During the last few months of my degree, I was courted by all of what were then called “The Big Six” firms. I’m not trying to brag or make you jealous or anything but, without getting into all the nitty gritty details, I’ll just say this:
I was an Accounting Badass.
If there is such a thing.
I signed on with the firm I deemed to be the least nerdy of the bunch. The head scout was personable, easy-going and bought us beers during the meet and greets in the student cantina. (Actually, all the scouts did that).
Upon starting, we recruits were immediately shipped off to a remote and damp city where we spent hours upon hours learning the ropes of how to be a good “staff”–the lowest rung on the totem pole.
Early on I’d set my sights on climbing the ladder. Not everyone aspired to become Partner but, I figured, if you’re good at something, why not shoot for the top?
And then, with a four-word question, everything changed.
We were in love and planned to marry in the fall. I’d only been at The Firm a few months but I was already dreading my weeks. I’d leave town early Monday morning, return late Friday night, only to turn around and do it all over again two days later. I hated it. I didn’t want to start out life with a new husband, me lonely in a hotel room, instead of under what was supposed to be our shared roof.
Contrary to everything I’d previously mapped out, I began to dream differently.
Rather than late nights proving myself at work, I entertained thoughts of a five o’clock whistle and a casual stop-off for groceries. Instead of the wine-y dine-y lifestyle with a side of fifteen pounds, I pictured simple meals by candlelight followed by a Newlywed-Roll-in-the-Hay for dessert.
I sought out the office where light streamed in by enormous windows. The managing partner sat distractedly signing papers as I entered on ballet feet.
“I’ve accepted a position elsewhere…”
I conveniently left out that I was overqualified and the matter of the pay cut, but the look on his face told me he already knew. I’d naively expected him to wish me well on my way. Instead, he questioned my decision, my destination, my dare to dream differently.
“You think that’s success?” he asked incredulously.
When I’d suited up in hose and heels that morning I didn’t know I’d be needing boxing gloves too. I sat still in my small chair but my mind traveled miles, rattling off the possible responses. Meanwhile, the ticker ran busy at the bottom: His desk is so big! …. He’s even biggerl!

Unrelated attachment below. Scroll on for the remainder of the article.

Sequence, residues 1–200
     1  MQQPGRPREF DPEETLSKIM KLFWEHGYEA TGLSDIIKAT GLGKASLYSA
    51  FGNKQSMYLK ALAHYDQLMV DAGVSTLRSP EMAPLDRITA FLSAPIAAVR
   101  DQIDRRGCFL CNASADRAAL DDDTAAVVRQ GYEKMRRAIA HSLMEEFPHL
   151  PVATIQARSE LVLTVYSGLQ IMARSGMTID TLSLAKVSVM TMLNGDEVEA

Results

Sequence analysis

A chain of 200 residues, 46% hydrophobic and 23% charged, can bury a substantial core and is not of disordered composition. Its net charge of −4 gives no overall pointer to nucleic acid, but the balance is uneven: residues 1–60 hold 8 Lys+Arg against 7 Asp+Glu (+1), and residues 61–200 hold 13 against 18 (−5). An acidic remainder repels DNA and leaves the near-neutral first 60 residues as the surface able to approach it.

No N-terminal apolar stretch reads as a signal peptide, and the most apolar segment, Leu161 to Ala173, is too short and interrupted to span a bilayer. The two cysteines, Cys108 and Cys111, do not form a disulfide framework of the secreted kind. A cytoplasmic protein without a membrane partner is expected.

Right then and there, Fear threatened to choke me. To silence me with its vise grip while I was smooth-talked back onto a path I no longer wanted to travel. After all, I was no longer a recruit being wooed by a fun-time guy. This was the guy who had to answer for a bottom line. Letting his asset walk out the door would mean a poor return on The Firm’s investment.
My buck-twenty was no match for his two-fifty so I went for the only option I had: the jugular.
“I think you and I may have different definitions of success,” I said.
It was not spat out; just an observation. But, with it, I staked my claim. If he couldn’t hook me at “success” he wouldn’t hook me at all.
That Monday morning, while a clear blue sky peered inside a tall house of mirrors, I was tempted to slink out the back door. Quiet and unnoticed. All the degrees and ability in the world couldn’t have earned me a victory in that moment. Even the love my new husband and I shared could only take me so far.
I still had to speak up.
Choosing courage isn’t a power struggle of bawled fists and angry words. The battle against fear is won only within the landscape of the heart. When a big man loomed across a desk, it was God’s love that made me brave.
A voice taking up for its owner can be one of the most healing sounds there is. Sometimes, it’s not so much what we say, but that we say anything at all.
I’m writing on The Power of a Voice. If you’d like to catch up, read Choose Yourself.
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